We are past the one-year mark of this global pandemic and its world-and-life-altering effects. Yes, praise God there is a vaccine. Yes, thank God more populations around the world are gaining access to vaccines. Yes, we can feel the release of the clenching in our shoulders and stomachs and spirits from this unbelievably difficult and traumatizing past year. And yes, we can shout for joy as we begin to return to some of the rhythms and access we had pre-COVID—meeting friends safely, hugging our loved ones not in our pod or household, training ourselves not to feel afraid of crowds and people again.
But, this pandemic has not been monolithic in its effects globally. While some parts of the world begin to open and find their rhythms again, other parts of the world remain in the thick of the devastation wreaked by COVID.
My family are in the United States. I am on a very large island in the Indian Ocean. They are fully vaccinated and, in the states where they live, life is slowly opening back up. Here where I am, we continue total lockdowns on the weekend to mitigate a spike in COVID cases over the last few months. That means staying in your house or on your property from Friday evening to Monday morning. The first dose of vaccines just arrived this month.
It’s a strange thing to feel the world beginning to open back up again, yet feel so closed up and tied down at the same time.
I remember listening to podcasts and watching interviews from 2020 in which the hosts would say “This is day 49 of lockdown….This is day 101….” Back then we thought the pandemic might end after a few weeks. It’s uncanny that we thought there would be an end-point in sight where the counting would make a difference and mark time. Now that we’re many months into it, the question on my mind now is less ‘when will this end’ but more ‘how much longer will we need to keep going like this?’ Because this is the situation we find ourselves in globally. It is not just us, individually, family-wise, or even country-wise—this is a global pandemic. Every country on the face of this earth has been touched by this disease and its implications.
I know I am not the only one who’s ability to see loved ones has been impacted or impeded by COVID restrictions and immigration. I have not seen my family in the flesh in 21 months, and I still do not know when or if I will see them again and if it will be soon.
There is hope glimmering on the horizon—for a world where travel and reunification and hugging will be possible again. But in the meantime, we sit in the ache of being alone, far away from those we love, being restricted by forces beyond our control from being able to be with our families and friends.
So, for those who are not yet instagramming their family reunions and hugging grandparents in tears of joy and relief after a year or more apart, for you who can’t because you’re still far away from the ones who love you, I see you. God sees you. "Blessed are you who mourn, for you will be comforted" (Matthew 5:4). Jesus is with you in the mourning. Jesus will be with you in the rejoicing.
I know it can feel like you’re being left behind as some of the world returns to ‘normal’ and get to see and be with their people while you are still separated, still far, still waiting, still aching.
Even as you wait, you can be active. Maintain your mental, emotional, and your physical health. Below are several ideas on how you can keep focused on the positive and care for yourself:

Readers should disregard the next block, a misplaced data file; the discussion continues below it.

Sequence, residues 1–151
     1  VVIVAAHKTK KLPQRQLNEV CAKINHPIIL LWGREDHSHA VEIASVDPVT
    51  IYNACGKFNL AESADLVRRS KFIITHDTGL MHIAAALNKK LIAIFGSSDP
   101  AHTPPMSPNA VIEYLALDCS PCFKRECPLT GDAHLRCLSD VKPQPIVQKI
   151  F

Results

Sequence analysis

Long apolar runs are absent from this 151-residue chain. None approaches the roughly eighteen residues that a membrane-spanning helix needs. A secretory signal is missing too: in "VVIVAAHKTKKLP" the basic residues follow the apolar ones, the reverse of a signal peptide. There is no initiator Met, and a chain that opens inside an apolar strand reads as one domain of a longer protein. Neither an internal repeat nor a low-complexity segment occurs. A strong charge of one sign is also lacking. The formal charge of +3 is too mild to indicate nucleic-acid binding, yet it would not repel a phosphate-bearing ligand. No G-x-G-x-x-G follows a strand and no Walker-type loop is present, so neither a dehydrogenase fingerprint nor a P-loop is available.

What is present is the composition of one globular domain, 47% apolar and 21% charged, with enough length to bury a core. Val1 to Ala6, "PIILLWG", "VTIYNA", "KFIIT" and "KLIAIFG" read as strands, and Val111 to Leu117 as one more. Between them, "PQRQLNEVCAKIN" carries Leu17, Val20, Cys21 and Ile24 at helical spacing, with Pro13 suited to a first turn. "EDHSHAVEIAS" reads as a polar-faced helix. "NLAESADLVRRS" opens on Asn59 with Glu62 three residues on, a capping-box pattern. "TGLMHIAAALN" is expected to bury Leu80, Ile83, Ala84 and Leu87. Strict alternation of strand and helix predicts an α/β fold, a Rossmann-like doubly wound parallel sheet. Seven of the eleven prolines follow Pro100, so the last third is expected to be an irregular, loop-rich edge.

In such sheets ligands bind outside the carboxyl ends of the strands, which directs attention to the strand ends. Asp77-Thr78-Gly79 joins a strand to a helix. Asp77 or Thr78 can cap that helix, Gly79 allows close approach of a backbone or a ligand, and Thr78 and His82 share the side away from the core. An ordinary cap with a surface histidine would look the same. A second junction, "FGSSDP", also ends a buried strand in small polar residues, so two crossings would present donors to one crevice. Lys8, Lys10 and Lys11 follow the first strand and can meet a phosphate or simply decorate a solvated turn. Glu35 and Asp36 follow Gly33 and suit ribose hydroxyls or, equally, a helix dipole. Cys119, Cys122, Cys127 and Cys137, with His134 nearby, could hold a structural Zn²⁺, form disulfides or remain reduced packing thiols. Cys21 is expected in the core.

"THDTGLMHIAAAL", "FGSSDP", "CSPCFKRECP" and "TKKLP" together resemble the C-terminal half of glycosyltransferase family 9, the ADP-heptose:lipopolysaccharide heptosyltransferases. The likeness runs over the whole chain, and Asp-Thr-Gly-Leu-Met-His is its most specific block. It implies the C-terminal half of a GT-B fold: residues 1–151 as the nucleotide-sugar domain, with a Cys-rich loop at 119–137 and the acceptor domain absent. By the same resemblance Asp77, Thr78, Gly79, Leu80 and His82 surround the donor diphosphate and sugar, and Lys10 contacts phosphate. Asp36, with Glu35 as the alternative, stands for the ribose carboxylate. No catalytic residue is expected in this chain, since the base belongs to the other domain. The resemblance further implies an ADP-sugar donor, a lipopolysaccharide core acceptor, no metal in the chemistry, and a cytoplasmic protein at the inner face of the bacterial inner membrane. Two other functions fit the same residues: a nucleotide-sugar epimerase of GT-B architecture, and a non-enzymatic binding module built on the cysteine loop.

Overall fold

When the blues (sadness, depression, despair, hopelessness) come, movement helps move that energy through and out of your body. Find a workout video on youtube (there’s EVERYTHING: 30-minute barre, 10-minute ab workout, 50-minute cardio-burn); dance in your living space; go for a walk.
Yes, we’re in COVID-times, but wear a mask, take some hand sanitizer with you, and go outside. Social distance yourself and take a walk. Sit in sunlight. The sun, the air, being outside will heal you in ways I know are hard to appreciate when you’re down, but they still will. It’s good medicine.
Feeling isolated has this terrible effect of us then not reaching out or maintaining connections because we feel so alone, yet connections is precisely what we need to feel vibrant and stay hopeful and feel alive. If a friend invites you on a walk, go do it. Or, you invite someone to go walk with you. I know it can feel like a big thing when you’re down, but it’s worth it, I promise.
Reach out to the ones you can’t see. Whether writing old-fashioned paper letters or real-time video conferencing, you can keep in touch with those you love. It's not the same as in person, of course, but it's real investment in one another. As much as you miss them is likely how much you are missed. Call as often as you need. Screentime is not the same AT ALL, but when you see them on your phone or computer, there is still a presence and connection forged between you, so don’t neglect that in this time of being apart.
See a therapist or counselor to talk through what you are feeling and experiencing. Talking is important for processing and being listened to is healing and empowering. It is not weak or unholy to seek this help out. You don’t need to suffer alone.
You have survived many months of pandemic living. You have done what none of us knew we could until we had to do it. You have God's Spirit within you to equip you to keep going. I know it’s hard. I know you’d rather not, I know you want this to be over. Me too. But God is with us, even in the most difficult of times. God walks with us through hard times (Psalm 23) and stays with us until the end of time (Matthew 28). Keep going. You are loved more than you can imagine.
Rev. Dr. Steven Koster
Rev. Deb Koster
Rev. Dr. Steven Koster